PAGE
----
To coincide with the 60th anniversary of Britain's National Health Service, the BBC looks at models of healthcare around the world. In Ukraine, a hybrid system - a mixture of public and private - is starting to take root.
By Gabriel Gatehouse
BBC News, Kiev
All high-tech extras - such as screws and rods - are paid for by the patient
In a hospital in the Ukrainian capital, neurosurgeon Igor Kurylets, is working on a patient's back.
An 18-year-old woman lies face down on the operating table, with about 30cm of spine exposed.
The operation may look somewhat primitive: there is a lot of rather violent bashing, scraping and screwing going on. But this is in fact a state-of-the-art procedure.
During the four-hour operation, the patient's spine will be realigned from an inverted S-shape to a straight, ordinary looking back.
Holding it all in place will be rods and screws, designed in the United States and imported to the patient's specifications.
This is the only clinic in the former Soviet Union which uses this pioneering technique. It is located inside a much larger hospital, which is run by the Ukrainian Security Service (SBU) - the successor organisation to the Soviet KGB.
It used to be illegal to pay for medical services in a state hospital
"It is a state hospital", Dr Kurylets explained, as he continued working on the patient's spine, "but we cannot run, for example, this surgery from the [state] budget, because we need different types of screws, different instruments and things like that."
All the basic medical provisions are supplied by the state-run hospital. All the high-tech extras - the screws and rods, the specialised x-ray equipment - are paid for separately by the patient.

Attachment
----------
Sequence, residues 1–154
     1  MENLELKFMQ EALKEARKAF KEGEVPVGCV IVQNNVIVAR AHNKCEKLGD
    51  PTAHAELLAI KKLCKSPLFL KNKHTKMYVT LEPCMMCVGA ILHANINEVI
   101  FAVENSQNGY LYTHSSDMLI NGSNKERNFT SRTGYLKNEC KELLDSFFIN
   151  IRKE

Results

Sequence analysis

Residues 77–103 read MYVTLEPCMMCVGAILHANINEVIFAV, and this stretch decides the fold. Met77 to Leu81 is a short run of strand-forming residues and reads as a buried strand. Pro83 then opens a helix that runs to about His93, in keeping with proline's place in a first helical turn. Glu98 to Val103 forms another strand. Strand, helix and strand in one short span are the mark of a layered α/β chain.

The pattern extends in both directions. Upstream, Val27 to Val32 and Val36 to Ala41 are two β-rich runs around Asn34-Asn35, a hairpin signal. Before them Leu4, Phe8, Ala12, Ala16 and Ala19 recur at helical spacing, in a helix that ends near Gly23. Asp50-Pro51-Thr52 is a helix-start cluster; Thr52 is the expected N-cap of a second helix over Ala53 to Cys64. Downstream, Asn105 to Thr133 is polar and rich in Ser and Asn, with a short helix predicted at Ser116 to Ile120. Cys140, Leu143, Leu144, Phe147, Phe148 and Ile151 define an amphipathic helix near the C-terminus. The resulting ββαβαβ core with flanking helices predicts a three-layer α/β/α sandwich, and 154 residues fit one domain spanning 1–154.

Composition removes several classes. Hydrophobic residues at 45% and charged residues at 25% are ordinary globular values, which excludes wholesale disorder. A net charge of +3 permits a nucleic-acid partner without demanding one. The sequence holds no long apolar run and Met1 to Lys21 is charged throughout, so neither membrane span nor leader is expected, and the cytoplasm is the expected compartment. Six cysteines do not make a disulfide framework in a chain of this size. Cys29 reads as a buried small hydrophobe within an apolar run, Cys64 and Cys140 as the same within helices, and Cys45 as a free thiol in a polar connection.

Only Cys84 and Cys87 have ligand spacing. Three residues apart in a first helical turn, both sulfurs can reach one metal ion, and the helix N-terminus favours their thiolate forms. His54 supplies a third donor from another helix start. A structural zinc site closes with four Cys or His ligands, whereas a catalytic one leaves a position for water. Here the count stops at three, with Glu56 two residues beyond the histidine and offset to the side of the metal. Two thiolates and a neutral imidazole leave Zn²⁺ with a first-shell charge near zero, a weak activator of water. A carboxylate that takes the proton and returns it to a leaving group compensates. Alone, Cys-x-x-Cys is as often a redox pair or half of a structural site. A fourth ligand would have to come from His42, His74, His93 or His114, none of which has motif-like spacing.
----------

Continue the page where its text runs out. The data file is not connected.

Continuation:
Dr Kurylets was one of the people who pioneered this hybrid system in Ukraine 10 years ago. And the idea is slowly catching on.
Until then, it was illegal to pay for any medical services in a state hospital.
But the vast majority of Ukrainians, when they fall ill, still use the system that the country inherited from the Soviet Union, whose ideal was and remains free public healthcare for all.
The corridors of the vast, state-run October hospital in central Kiev are bare and sparse.
They are clean though, and well maintained. But that is largely because the doctors themselves contribute to the hospital's upkeep.
One surgeon on the urology ward agreed to speak to the BBC on condition of anonymity.
"Each of us puts in $100 or $200," he said. "And with that money we pay to have the walls painted, replace some sanitary facilities, varnish these floors, and so on."
And it's not just cosmetic improvements that the medical staff has to pay for.
Reaching into his desk draw, the doctor pulled out a handful of catheters and tubes wrapped in sterile medical packaging: his own personal stash.
"It's got to the stage now where we are buying things we need in order to perform an operation."
But how does a doctor like this one, on a salary of about US$250 (£125) per month, pay for all of this? It turns out that the free healthcare provided by the state isn't entirely free after all.
"A patient will come to me and ask: 'Doctor, how much will this cost?' I leave it to the patient to thank me as he sees fit in return for my work.
"The level of gratitude can range from 'thank you doctor', to a $4 bottle of cognac. Or it can be a certain sum of money. A fairly large sum. Several times larger than my monthly salary."
Dr Kurylets believes that his hybrid clinic maximises the potential of the immense but crumbling state-run infrastructure.
In return for the use of the SBU's medical facilities, he treats security service personnel for free. And his clinic contributes to the upkeep of their hospital.
"We pay for their hospital, so they have additional money to change windows and doors, to redecorate the hospital. It is positive economic co-operation," Dr Kurylets said.
Patients who are not employees of the SBU do have to pay, though. The 18-year-old with the curved spine would be charged around $10,000.
And while that may seem like a lot of money, it is a fraction of what a similar operation would cost in Western Europe or the United States.